Hi Ayla, besides pleading with end users to change the passwords on their various IoT devices, what can manufacturers do to prevent their products from being hacked and used in DDoS attacks?
With the October 21, 2016, DDoS attack against the DNS provider Dyn still fresh in everyone’s mind, your question is very timely.
You’re right to point out the importance of end users not leaving their connected devices with the default password, and not choosing an obvious password such as “password” if they do reset it. Exploiting default or easy-to-guess passwords is how the October 21 cyberattack happened.While it would be great if all end users practiced impeccable security hygiene, manufacturers of connected devices don’t need to wait for that unlikely scenario. Here are some things that manufacturers can do to reduce the chances that their devices will be hijacked and used in a DDoS attack:
Make it easy for end users to change the passwords on all their connected devices. Don’t hide the mechanism for changing passwords or make it complex and difficult.
Even better, compel end users to change the passwords on connected products the first time the products are set up. Enforce some minimum level of password complexity and set a password lifetime. In other words, make users change the passwords on some regular and reasonable schedule.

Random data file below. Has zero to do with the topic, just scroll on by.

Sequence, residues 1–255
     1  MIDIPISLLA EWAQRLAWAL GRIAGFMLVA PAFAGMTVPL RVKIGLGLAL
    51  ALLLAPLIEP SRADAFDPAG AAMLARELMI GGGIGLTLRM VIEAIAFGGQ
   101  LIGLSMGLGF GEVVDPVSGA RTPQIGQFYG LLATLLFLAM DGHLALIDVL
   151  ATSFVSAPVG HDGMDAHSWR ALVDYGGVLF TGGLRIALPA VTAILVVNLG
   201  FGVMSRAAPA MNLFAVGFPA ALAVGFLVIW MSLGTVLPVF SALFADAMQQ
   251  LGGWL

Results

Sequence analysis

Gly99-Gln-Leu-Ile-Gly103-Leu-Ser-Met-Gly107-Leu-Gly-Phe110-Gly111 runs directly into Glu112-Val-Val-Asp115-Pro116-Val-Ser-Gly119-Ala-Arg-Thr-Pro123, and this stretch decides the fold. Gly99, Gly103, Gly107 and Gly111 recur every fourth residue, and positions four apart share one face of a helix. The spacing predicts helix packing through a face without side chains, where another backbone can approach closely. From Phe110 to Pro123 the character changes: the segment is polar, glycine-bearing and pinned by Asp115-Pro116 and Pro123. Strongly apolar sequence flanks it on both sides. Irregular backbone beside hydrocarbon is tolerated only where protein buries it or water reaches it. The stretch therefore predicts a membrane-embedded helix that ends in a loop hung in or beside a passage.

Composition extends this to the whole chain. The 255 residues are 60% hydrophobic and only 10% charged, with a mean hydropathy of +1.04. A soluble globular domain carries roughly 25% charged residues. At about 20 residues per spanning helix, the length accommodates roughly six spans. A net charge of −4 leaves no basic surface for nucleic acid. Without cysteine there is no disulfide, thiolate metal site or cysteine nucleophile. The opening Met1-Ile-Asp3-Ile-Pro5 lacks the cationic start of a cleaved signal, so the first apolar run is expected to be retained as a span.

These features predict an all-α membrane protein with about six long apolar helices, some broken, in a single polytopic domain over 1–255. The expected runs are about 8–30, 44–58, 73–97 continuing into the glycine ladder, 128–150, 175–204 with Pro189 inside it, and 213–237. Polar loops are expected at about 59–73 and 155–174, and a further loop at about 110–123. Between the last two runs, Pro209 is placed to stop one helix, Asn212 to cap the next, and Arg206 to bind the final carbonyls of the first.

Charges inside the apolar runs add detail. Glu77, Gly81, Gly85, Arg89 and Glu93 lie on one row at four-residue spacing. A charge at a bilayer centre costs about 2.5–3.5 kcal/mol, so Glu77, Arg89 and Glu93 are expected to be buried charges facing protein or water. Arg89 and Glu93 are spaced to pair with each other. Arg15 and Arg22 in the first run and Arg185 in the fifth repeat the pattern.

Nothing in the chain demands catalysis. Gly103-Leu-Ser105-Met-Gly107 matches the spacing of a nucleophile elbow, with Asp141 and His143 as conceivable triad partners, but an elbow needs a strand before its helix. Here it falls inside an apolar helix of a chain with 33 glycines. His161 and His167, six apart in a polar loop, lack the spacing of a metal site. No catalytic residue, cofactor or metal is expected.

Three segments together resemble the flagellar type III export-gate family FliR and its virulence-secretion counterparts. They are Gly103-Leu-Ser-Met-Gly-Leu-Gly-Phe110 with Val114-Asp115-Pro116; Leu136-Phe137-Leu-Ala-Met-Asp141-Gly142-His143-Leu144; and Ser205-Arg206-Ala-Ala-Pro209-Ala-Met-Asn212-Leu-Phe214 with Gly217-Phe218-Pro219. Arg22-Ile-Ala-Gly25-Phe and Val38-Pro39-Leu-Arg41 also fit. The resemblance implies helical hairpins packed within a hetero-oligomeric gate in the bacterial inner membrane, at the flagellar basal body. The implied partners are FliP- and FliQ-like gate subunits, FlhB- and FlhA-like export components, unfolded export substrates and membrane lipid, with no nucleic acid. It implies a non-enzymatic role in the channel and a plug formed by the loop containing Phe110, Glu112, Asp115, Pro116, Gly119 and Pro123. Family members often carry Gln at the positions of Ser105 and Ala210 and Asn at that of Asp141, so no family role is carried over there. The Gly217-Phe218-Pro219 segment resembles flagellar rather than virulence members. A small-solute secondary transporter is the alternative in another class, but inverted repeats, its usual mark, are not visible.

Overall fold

- Make it so that logging in to your IoT products using a username and password doesn’t allow access to the software code—so software can’t be changed and new software can’t be loaded onto the product—or the ability to change the behavior of the product in any way.
- Use per-device credentials, such as a unique encryption key for each connected product that provides authentication with the cloud. That way, even if a single connected product gets compromised, the breach affects only that one product.
- Include mechanisms for restricting access to the connected product. Access must require an authenticated user who authenticates the device to him/herself from the cloud.
- Use the latest security standards, such as WPA2 instead of WEP.
- Keep security mechanisms updated to the latest standards using secure over-the-air (OTA) updates.
Manufacturers need to figure out their own mechanisms for setting passwords. For the rest of these ideas, however, manufacturers not willing or able to become experts in all aspects of IoT security can turn to comprehensive IoT technology such as provided by the Ayla IoT platform. Using the Ayla platform for IoT makes it much easier for manufacturers to build secure connected products—and to reduce the risks that their IoT products can be hacked and used in DDoS attacks.
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